The Art Of Skiing: First Tracks

The Art Of Skiing: First Tracks

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The Art Of Skiing: First Tracks

Photo Credit: Barclay Idsal | Cover Photo: Abbott Gilbane

Photo Credit: Barclay Idsal | Cover Photo: Abbott Gilbane

Dragging his feet, a  10 year-old child criss-crosses a park in the French mountain town of Meribel. Kicking through the fresh foot from the night before, a smile stretches from ear to ear, his white teeth matching the snow below. His family talks, smokes, purposefully ignoring their son.

“Papa, Papa!” he yells, looking down in wonder at what he’s made– First Tracks. “La neige est fantastique! Fantastique!” His father smiles, takes a puff, keeps walking.

60km north as the crow flies, a skier dressed in a black parka and glacier blue snow pants trudges from the Grand Montets bus stop to the Lognan Cable Car, setting a boot pack through the same fresh snow. His freshly trodden path delivers immediate satisfaction. His steps are neat and delicate. Soon enough, countless vacationing Brits will follow these paired imprints towards the ski area to buy their lift tickets, eat over-priced hamburgers, and ski.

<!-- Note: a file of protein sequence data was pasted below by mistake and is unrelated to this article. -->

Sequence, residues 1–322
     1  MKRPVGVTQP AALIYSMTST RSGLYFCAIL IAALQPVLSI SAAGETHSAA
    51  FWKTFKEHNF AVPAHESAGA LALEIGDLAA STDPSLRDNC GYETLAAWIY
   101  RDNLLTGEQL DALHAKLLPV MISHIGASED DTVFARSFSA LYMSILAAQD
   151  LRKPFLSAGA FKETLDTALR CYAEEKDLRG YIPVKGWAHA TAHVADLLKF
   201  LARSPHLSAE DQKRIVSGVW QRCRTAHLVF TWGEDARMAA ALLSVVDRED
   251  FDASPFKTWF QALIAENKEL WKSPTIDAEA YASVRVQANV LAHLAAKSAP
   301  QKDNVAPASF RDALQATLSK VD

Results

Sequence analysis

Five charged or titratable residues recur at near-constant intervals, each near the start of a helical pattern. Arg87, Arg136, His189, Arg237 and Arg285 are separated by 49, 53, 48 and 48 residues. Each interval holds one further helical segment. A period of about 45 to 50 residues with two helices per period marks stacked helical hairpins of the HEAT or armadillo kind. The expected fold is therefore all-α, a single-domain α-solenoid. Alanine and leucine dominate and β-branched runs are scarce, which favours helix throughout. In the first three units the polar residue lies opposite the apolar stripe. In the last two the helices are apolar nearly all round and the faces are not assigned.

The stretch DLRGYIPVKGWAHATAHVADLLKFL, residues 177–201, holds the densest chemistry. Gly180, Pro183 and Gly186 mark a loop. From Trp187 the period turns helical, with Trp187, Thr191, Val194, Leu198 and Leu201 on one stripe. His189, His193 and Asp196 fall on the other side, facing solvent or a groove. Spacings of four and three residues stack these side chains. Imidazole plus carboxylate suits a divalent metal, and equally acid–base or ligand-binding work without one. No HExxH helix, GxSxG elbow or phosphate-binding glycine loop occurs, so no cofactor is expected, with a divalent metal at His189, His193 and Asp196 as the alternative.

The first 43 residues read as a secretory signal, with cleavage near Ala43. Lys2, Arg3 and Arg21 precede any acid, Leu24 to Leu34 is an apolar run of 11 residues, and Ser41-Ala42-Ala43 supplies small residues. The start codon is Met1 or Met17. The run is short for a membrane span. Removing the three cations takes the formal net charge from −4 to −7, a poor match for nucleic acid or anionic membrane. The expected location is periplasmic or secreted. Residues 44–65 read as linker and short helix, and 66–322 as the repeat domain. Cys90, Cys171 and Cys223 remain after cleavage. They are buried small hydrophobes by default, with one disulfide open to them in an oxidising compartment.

Upon boarding the tram, the operator scans his ski pass with a beep and onto the platform he goes, heel-toe, heel-toe in ski boots he swears by. Wiping the moisture from the inside of the glass with his sleeve, he stares through the sheetlike snowfall as the tram jolts and starts. 20 minutes and a two chairlifts later, the skier stands above a meadow sculpted perfectly by wind and snow– undisturbed.

Takes a breath, buckles his boots one extra notch, and pushes off. The snow parts as the skis begin to move, shins press forward. With each subtle movement, snow flies onwards and upwards. One large frozen fragment of water grazes a cheek. Suddenly, he smiles bigger– ear to ear.

“La neige est fantastique! Fantastique!” 

The Art Of Skiing: The Worker’s Wiggle

 

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